COLUSA (Colusa Co.), Dec. 28 - The following officers of Colusa parlor, No., 69, N.S.G.W., have been named:

   Past president, C.E. PROBST; president, Lloyd SCOGGINS; first vice-president, Herman OHRT; second vice-president, Lawrence HIGHSTREET; third vice-president, J.E. ST. LOUIS; marshal, Fred MUTTERSTACK; inside sentinel, D.O. CAHILL; outside sentinel, H.H. ROERDICK; trustee, W.J. KING.



Suffers Bad Injury When Dress Catches Fire

SUTTER CITY (Sutter Co.), Dec. 28 - Leila POTTLE, the 14-year-old daughter of J.T. POTTLE, who resides near this place, was badly burned about the face and body last night when her clothes caught fire as she was attempting to remove a kettle of water from a stove. Although her condition is serious, it is not regarded as dangerous by the physicians.



RENO (Nev.), Dec. 28 - C.M. REYNOLDS, who was arrested some time ago on complaint of J.B. DIXON and Joseph MARTIN on a charge of stealing concentrates valued at $200, was released in the justice court yesterday on motion of the complainants.

  It was shown that Reynolds had no idea of committing a theft at the time he took the concentrates, but was merely holding the ore as security for a debt which he claims Dixon and Joseph MARTIN owe him.



JACKSON (Amador Co.), Dec. 28 - The damage suits of Mrs. Sophia ILZERSODGE and Mirs Stella TUCKAVITCH against the South Eureka Mining company were settled yesterday by stipulation, the mining company agreeing to give the two women $1250 each for the death of the husbands, $233,38 attorney fees, and pay the court costs of the suit. The women sued for $26,000 each for the deaths of their husbands, who fell down the shaft at the mine last February. It was alleged in the complain that the company neglected to install safety devices, with which to handle the cages.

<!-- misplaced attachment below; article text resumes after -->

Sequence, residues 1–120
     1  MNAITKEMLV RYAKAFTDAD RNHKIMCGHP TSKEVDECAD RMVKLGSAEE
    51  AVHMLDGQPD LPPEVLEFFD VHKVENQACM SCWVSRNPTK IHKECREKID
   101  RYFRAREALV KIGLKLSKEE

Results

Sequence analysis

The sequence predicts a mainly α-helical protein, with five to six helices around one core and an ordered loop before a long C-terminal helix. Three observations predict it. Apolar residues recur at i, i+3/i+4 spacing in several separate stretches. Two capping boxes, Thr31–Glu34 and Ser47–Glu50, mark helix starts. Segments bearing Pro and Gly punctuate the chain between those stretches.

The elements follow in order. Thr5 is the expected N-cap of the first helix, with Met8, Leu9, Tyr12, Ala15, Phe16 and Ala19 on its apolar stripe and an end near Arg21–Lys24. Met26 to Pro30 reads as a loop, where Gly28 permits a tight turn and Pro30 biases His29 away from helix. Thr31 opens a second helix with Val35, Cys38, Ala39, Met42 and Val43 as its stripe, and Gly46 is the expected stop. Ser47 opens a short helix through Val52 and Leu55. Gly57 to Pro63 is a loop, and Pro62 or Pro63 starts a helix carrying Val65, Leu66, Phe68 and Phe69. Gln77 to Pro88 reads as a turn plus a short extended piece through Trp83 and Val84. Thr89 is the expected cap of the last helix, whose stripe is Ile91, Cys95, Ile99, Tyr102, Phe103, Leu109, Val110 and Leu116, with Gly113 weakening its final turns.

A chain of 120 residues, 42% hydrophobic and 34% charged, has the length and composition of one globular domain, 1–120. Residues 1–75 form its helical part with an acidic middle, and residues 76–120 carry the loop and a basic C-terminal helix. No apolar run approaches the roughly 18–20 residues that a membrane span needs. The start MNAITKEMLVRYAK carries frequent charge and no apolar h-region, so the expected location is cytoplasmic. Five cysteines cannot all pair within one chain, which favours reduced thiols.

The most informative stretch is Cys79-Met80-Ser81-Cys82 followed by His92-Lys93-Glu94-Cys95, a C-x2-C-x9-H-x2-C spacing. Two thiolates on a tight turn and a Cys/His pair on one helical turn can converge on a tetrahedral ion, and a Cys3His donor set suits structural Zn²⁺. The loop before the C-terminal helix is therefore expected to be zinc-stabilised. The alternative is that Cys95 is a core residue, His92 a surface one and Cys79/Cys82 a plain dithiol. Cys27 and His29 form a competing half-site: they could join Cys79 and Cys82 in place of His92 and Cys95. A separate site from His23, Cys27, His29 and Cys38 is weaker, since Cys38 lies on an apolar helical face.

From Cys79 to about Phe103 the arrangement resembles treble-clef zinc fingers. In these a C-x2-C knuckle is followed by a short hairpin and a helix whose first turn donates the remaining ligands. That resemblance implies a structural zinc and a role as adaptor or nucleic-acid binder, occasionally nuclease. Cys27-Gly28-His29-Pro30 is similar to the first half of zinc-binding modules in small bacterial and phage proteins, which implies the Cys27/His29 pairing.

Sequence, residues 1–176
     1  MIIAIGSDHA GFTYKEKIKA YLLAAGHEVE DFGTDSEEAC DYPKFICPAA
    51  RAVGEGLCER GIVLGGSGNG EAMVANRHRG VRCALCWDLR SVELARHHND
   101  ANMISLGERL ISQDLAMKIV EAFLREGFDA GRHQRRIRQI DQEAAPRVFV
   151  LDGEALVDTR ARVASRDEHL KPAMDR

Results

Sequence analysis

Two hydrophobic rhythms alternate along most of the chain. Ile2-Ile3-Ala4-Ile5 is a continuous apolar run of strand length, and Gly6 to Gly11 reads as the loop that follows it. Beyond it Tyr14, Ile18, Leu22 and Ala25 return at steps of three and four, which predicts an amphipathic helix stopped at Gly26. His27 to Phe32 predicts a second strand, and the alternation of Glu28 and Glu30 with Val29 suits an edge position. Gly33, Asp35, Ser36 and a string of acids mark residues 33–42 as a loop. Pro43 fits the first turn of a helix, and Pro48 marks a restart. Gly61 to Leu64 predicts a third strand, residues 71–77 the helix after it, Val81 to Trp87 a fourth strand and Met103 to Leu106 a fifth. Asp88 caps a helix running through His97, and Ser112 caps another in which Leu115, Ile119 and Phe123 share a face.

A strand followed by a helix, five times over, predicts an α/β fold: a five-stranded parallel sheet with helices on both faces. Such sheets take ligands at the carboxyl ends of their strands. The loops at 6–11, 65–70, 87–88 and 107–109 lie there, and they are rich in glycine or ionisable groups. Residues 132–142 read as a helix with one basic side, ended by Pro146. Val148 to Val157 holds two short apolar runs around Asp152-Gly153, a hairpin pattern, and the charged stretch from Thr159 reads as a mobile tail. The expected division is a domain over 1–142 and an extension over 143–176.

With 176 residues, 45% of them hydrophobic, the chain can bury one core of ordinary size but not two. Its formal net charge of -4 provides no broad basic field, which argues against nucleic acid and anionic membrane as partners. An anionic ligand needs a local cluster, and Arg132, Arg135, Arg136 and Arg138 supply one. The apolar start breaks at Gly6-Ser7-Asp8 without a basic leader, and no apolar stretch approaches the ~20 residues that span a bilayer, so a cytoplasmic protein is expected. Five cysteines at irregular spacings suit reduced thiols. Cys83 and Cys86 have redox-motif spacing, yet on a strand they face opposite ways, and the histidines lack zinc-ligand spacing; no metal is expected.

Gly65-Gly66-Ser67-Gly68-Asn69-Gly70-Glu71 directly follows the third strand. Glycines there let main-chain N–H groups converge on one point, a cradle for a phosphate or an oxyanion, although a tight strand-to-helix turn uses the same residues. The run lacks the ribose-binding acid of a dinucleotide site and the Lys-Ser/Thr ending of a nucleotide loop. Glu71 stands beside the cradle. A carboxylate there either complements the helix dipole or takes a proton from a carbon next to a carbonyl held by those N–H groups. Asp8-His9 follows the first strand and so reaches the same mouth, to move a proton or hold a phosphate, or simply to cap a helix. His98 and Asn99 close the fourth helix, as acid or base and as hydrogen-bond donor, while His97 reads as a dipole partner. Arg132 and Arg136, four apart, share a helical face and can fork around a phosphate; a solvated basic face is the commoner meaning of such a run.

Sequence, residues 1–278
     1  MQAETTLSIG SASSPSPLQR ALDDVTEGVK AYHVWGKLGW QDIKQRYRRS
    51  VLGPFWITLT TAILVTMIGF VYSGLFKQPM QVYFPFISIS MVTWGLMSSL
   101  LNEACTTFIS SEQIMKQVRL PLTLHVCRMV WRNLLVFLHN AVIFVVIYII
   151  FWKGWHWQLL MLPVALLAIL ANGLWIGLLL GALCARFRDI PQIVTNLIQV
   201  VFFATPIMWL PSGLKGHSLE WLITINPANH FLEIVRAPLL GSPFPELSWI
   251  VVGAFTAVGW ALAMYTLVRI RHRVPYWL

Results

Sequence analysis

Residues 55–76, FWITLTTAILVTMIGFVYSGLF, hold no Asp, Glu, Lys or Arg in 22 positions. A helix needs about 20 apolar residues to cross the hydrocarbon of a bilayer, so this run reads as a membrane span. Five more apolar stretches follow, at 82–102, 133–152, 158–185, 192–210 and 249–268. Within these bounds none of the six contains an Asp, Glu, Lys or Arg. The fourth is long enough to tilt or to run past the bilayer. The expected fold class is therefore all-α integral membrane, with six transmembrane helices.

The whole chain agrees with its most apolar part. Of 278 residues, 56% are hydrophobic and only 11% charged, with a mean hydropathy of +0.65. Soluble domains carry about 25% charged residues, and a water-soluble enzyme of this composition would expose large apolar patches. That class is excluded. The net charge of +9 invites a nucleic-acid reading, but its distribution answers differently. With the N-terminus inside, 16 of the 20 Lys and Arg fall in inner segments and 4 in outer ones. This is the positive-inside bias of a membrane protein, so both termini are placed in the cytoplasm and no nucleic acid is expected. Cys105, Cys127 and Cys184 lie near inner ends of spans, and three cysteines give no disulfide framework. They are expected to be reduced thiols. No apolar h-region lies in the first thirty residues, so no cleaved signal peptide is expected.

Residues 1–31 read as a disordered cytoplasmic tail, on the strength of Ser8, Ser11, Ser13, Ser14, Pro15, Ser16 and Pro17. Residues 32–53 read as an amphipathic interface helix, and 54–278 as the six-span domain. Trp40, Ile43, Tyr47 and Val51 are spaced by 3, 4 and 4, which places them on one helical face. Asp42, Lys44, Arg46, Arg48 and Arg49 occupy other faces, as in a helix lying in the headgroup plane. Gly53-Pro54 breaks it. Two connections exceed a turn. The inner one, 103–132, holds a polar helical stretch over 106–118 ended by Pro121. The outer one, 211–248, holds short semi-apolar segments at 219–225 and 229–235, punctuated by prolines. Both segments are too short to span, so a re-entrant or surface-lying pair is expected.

GRASS VALLEY (Nevada Co.), Dec. 28 - There were two operations for mastoiditis at the Jones hospital during the past two days, and both were children from Nevada City. The first was Everett HAMPTON and the other was the little daughter of Mr. and Mrs. CHARRONAT. Dr. SAWYER is the physician and performed both operations. He was assisted by Dr. Carl P. JONES. The children are both reported to be doing well, although the operations are of such a nature that it will take a few days to determine what the outcome will be.                   


            MRS. R. RICHARDS DIES

RED BLUFF (Tehama Co.), Dec. 28 - Mrs. Rosena RICHARDS of Portland, Ore., died at the Tremont hotel in this city today. She, accompanied by her daughter, came to Red Bluff to visit a son, Dr. KEYSER of this city, and a brother, Fred SCHARR, of Dibble Creek. She was 73 years of age. The remains will be taken to Portland for interment.